Moraxella species other than M. catarrhalis are unusual pathogens in humans. Case reports have established Moraxella species as unusual causes of invasive infections in humans, including endocarditis, bacteremia, septic arthritis, purulent pericarditis, cellulitis, and meningitis. Antimicrobial susceptibility should be performed on isolates recovered from normally sterile sites, but Moraxella species are generally susceptible to penicillins and cephalosporins. [1] In this case report we describe a very rare and unusual case of Moraxella species recovered from a thrombus evacuated from the left subclavian artery aneurysm during surgery.

  Case Report Top

A 66-year-old male was referred to the Cardiovascular and Thoracic Surgery service complaining of cough with purulent sputum for the past 2 weeks. For the past 10 days he was having large amount of hemoptysis, last episode around 500-ml blood, leading to referral to our institute. On examination, he was afebrile and comfortable at rest with normal hemodynamic parameters. Pulses in left upper limb were feeble and chest auscultation revealed normal air entry with a few scattered rhonchi.

An emergency computed tomography (CT) angiogram showed intrathoracic left subclavian artery aneurysm with bronchial fistula to left upper lobe. He was taken up for surgery on semiemergent basis. Peroperatively, a 4 × 4 cm size aneurysm of the left subclavian artery with thrombus was found infringing on to superior segment of left upper lobe bronchus. Surgery entailed posterolateral thoracotomy to gain access to the arch of aorta and disconnection of origin of left subclavian artery aneurysm from aortic arch without the aid of circulatory support followed by resection of left upper lobe segment.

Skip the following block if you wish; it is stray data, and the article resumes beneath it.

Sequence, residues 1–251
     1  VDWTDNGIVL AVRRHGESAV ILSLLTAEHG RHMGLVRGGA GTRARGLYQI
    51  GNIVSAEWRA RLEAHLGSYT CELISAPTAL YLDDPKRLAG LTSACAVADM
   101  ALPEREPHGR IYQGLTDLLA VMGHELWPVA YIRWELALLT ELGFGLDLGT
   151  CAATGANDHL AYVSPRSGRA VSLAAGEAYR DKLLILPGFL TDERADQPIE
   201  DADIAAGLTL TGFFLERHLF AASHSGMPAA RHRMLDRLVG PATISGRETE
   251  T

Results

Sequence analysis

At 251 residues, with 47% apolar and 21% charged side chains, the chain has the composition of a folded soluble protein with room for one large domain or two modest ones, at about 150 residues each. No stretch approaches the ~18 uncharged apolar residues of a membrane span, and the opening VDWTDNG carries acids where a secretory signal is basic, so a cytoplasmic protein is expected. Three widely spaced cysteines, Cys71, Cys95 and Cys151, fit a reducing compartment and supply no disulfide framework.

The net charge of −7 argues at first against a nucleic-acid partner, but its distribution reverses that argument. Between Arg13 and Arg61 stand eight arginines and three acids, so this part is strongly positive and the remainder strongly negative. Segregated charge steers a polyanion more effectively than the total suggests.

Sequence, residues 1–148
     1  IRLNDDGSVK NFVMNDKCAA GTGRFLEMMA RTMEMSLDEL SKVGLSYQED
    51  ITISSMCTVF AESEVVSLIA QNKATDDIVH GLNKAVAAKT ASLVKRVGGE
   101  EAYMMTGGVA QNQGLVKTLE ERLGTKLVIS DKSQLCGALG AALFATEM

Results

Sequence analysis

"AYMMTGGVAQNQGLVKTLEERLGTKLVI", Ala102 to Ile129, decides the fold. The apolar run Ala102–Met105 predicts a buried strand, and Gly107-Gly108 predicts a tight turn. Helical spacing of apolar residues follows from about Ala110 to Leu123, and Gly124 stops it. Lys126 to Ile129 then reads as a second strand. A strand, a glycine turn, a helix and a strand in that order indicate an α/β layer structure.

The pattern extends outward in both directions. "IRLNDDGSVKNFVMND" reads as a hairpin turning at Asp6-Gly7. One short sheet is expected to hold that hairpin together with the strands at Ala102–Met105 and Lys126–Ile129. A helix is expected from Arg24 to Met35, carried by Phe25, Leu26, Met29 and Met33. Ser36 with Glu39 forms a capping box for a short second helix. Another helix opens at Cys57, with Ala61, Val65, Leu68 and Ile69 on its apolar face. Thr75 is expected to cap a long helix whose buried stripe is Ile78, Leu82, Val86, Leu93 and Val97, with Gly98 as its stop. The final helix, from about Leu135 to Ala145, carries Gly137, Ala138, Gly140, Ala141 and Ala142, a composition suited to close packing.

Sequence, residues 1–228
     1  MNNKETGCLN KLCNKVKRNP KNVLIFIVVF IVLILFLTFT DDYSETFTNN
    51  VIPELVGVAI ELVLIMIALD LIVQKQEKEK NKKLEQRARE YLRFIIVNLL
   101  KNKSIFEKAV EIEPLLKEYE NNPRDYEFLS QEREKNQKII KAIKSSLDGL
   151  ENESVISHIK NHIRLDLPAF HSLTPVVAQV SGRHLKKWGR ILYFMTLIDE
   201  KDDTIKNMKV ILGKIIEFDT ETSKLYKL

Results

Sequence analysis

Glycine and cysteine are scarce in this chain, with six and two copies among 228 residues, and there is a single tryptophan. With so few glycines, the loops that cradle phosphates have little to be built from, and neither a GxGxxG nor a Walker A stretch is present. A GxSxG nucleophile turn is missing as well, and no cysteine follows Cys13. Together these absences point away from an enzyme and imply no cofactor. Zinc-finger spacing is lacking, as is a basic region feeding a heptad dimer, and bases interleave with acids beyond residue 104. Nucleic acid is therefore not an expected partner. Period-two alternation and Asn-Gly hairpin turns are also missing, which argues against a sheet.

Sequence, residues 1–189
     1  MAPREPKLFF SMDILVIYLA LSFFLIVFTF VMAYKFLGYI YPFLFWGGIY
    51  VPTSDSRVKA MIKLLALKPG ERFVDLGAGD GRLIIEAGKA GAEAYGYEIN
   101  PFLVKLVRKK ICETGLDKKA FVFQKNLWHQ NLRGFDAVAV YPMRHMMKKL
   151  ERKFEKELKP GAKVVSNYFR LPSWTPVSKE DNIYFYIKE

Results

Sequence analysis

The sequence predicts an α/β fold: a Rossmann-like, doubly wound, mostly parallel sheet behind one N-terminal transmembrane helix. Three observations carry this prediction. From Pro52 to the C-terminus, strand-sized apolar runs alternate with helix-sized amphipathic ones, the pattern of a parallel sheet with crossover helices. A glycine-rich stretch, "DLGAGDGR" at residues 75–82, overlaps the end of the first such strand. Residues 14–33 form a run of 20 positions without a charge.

The thrombus was removed and sent for culture. In the Microbiology laboratory, the tissue was ground, Gram-stained smear was prepared and tissue inoculated on blood agar and MacConkey agar (MA). The Gram stain showed pus cells with plenty of Gram-negative diplococci, which had the plane sides facing each other [Figure 1]. Colonies that grew on blood agar resembled Acinetobacter colonies and were pale pink on MA [Figure 2]. Smear showed the same Gram-negative cocci seen on the Gram stain of the thrombus, which was Oxidase positive and catalase positive. Using Vitek 2 Systems Version:05.02, it was identified as Moraxella group sensitive to Ampicillin, all cephalosporins, all aminoglycosides, and quinolones.
Figure 1: Gram stain showing Gram-negative Diplococci in thrombus

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Figure 2: Moraxella colony on MacConkey Agar

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Following the growth of this oral commensal in the thrombus, a sputum sample was requested. Since patient was still complaining of cough, a sputum sample was sent for culture. Postoperatively, patient was on Ciprofloxacin for 2 days followed by Cefoperazone and Amikacin for 5 days.